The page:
(PO-189) Progression of neuropsychiatric manifestations of hepatic encephalopathy
Background: Hepatic encephalopathy, a disturbance in central nervous system function due to hepatic insufficiency, exhibits a spectrum of neuropsychiatric abnormalities. This complication is associated approximately 50% mortality within a year for severe cases. Despite this, the Model For End-Stage Liver Disease, or MELD score, which is used to stratify end-stage liver disease for transplant candidacy does not include hepatic encephalopathy.
Case: D is a female in her 40s with a history of severe alcohol use and restrictive food intake resulting in chronic nutritional deficiencies and cirrhosis. She had no previous psychiatric history, her only encounters with psychiatry have been during hospitalized for acute on chronic hepatic failure due to medication non-adherence. During the initial encounter, the patient was found to be alert, oriented, and attentive without notable hallucinations, confabulation, tremor, or asterixis. During that encounter, she reported sleep disturbance and lethargy, but met no other criteria for primary affective or thought disorder. With subsequent encounters, she exhibited impaired short-term memory and paranoid ideation, ultimately developing persistent bizarre paranoid delusions, disorientation, and memory difficulties.
Discussion: This case promotes analysis of the pathophysiology and progression of hepatic encephalopathy rated over degrees of severity from mild to coma which correlate with aberrations in consciousness and cognition(Blei et al, 2001). Associated laboratory findings such as elevated ammonia and lactate as well as neuroinflammation with microglial and astrocyte activation(Butterworth, 2015) have been defined. Precipitating factors related to increase in oxidative stress have also been identified including infections, bleeding, and electrolyte derangement(Haussinger et al, 2008). In the case of this patient, she had likely had mild hepatic encephalopathy by her first encounter with psychiatry. In retrospect, her difficulty with medication management may have been correlated with progression of encephalopathy which led to acute hepatic failure and furthered the severity of her encephalopathy. This cycle has led to corrosion of this patient’s overall condition while she continues to wait to become a candidate for transplant.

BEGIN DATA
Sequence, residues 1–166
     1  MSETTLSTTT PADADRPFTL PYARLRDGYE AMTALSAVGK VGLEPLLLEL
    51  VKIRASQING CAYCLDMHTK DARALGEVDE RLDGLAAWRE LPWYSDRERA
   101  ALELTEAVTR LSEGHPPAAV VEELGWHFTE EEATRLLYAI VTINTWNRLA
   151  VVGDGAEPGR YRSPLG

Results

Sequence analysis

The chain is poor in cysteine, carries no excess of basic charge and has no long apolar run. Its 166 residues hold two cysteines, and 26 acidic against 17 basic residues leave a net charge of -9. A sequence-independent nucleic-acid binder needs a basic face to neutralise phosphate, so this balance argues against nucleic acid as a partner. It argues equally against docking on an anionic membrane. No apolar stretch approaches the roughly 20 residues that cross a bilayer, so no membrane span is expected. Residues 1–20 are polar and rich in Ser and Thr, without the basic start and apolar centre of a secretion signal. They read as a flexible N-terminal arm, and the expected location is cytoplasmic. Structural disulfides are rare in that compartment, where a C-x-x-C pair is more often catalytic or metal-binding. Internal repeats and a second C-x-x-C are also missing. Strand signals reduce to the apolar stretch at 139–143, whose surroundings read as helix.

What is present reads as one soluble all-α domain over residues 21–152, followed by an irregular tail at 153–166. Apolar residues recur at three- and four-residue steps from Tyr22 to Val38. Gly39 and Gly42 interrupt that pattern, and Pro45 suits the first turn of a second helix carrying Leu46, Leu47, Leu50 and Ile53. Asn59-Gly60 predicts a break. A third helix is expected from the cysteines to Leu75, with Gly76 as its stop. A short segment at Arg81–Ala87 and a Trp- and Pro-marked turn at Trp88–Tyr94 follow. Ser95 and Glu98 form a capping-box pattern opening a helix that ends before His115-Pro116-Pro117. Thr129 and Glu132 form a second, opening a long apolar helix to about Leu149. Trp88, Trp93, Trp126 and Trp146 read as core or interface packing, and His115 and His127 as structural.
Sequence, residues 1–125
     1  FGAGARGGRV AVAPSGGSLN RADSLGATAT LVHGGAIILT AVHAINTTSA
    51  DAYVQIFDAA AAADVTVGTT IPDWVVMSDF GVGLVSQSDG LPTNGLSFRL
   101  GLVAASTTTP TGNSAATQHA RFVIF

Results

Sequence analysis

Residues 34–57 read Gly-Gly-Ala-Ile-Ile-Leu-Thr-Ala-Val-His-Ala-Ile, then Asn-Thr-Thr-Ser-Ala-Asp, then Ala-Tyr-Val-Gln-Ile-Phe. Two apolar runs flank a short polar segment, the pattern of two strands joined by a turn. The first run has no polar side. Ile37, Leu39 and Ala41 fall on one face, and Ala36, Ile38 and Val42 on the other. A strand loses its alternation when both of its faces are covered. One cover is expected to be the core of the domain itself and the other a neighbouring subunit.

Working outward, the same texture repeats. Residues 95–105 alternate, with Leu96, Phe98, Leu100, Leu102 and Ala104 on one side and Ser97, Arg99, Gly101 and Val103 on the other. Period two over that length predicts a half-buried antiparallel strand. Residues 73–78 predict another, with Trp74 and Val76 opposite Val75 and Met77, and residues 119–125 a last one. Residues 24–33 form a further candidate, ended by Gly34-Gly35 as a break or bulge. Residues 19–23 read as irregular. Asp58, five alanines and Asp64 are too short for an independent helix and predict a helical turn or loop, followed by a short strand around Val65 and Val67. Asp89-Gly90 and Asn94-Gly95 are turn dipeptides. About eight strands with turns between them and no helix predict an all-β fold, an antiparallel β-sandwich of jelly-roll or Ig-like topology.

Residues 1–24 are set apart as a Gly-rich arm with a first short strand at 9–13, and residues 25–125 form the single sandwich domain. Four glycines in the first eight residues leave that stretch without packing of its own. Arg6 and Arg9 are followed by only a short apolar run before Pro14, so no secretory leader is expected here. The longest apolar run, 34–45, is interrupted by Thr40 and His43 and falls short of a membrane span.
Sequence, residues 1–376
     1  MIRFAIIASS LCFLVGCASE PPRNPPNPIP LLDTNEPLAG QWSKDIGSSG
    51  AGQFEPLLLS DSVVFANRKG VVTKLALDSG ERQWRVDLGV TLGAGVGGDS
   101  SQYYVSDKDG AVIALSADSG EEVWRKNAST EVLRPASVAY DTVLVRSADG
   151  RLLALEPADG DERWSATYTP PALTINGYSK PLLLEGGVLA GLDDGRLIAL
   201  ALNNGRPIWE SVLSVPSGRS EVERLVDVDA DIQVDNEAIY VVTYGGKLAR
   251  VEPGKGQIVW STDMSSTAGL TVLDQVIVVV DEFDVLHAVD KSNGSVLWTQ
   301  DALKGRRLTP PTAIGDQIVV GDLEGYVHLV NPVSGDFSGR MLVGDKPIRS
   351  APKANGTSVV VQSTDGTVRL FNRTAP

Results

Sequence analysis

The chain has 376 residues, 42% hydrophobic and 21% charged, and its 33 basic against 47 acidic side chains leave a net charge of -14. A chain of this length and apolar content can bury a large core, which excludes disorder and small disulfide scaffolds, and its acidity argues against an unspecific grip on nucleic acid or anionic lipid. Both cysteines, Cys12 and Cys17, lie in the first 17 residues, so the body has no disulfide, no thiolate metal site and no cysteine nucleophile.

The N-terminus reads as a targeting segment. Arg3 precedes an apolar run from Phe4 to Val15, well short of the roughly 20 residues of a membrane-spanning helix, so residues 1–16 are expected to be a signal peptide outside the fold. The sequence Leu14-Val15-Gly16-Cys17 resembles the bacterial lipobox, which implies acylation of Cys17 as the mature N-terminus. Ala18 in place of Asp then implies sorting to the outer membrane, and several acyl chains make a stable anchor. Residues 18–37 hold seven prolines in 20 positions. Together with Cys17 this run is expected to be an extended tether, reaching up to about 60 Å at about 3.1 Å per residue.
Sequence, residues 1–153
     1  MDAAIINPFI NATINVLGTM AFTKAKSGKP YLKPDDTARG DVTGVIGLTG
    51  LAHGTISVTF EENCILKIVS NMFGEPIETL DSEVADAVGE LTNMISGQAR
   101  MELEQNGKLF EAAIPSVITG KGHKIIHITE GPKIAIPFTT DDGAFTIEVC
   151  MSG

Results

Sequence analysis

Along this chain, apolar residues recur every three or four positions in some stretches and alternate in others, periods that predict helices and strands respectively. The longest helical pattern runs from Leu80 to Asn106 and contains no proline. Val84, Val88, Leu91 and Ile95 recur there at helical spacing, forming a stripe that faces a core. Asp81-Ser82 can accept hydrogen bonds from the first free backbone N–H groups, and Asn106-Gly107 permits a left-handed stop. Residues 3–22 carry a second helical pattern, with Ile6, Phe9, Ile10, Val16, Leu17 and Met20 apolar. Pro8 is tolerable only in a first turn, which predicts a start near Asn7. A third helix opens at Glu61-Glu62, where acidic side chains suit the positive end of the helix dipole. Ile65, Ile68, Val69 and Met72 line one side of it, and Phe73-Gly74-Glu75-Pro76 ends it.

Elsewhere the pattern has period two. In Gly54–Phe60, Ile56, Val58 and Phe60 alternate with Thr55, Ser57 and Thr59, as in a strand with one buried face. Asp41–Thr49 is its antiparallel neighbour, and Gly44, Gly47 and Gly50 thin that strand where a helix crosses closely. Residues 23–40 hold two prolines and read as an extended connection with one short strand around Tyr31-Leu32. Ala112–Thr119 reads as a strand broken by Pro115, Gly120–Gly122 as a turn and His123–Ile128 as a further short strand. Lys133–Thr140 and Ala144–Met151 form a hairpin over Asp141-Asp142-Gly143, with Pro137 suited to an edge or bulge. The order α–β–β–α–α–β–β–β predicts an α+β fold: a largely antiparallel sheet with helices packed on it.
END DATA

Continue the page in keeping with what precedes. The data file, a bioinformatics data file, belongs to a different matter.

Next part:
Conclusion: The case outlines the importance of grading severity of hepatic encephalopathy during an evaluation of a patient with cirrhosis. With advancing knowledge in sequalae of cirrhosis, the case can help us discuss a model for detection and early treatment.
Blei, A. T., Córdoba, J., & Practice Parameters Committee of the American College of Gastroenterology. (2001). Hepatic encephalopathy. The American journal of gastroenterology, 96(7), 1968-1976.
Butterworth, R. F. (2015). Pathogenesis of hepatic encephalopathy and brain edema in acute liver failure. Journal of Clinical and Experimental Hepatology, 5, S96-S103.
Häussinger, D., & Schliess, F. (2008). Pathogenetic mechanisms of hepatic encephalopathy. Gut, 57(8), 1156.
Wong, R. J., Gish, R. G., & Ahmed, A. (2014). Hepatic encephalopathy is associated with significantly increased mortality among patients awaiting liver transplantation. Liver Transplantation, 20(12), 1454-1461.
Identify neuropsychiatric manifestations of hepatic encephalopathy
Provide overview of grades of severity (0-IV) of hepatic encephalopathy
Discuss pathophysiology and treatment strategies of manifestations of hepatic encephalopathy